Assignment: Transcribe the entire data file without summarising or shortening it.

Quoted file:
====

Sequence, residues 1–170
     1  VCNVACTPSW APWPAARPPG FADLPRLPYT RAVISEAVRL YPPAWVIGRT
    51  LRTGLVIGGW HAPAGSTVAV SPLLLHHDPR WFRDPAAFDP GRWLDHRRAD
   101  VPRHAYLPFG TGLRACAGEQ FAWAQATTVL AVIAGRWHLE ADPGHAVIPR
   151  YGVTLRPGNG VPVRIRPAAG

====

Sequence, residues 1–170
     1  VCNVACTPSW APWPAARPPG FADLPRLPYT RAVISEAVRL YPPAWVIGRT
    51  LRTGLVIGGW HAPAGSTVAV SPLLLHHDPR WFRDPAAFDP GRWLDHRRAD
   101  VPRHAYLPFG TGLRACAGEQ FAWAQATTVL AVIAGRWHLE ADPGHAVIPR
   151  YGVTLRPGNG VPVRIRPAAG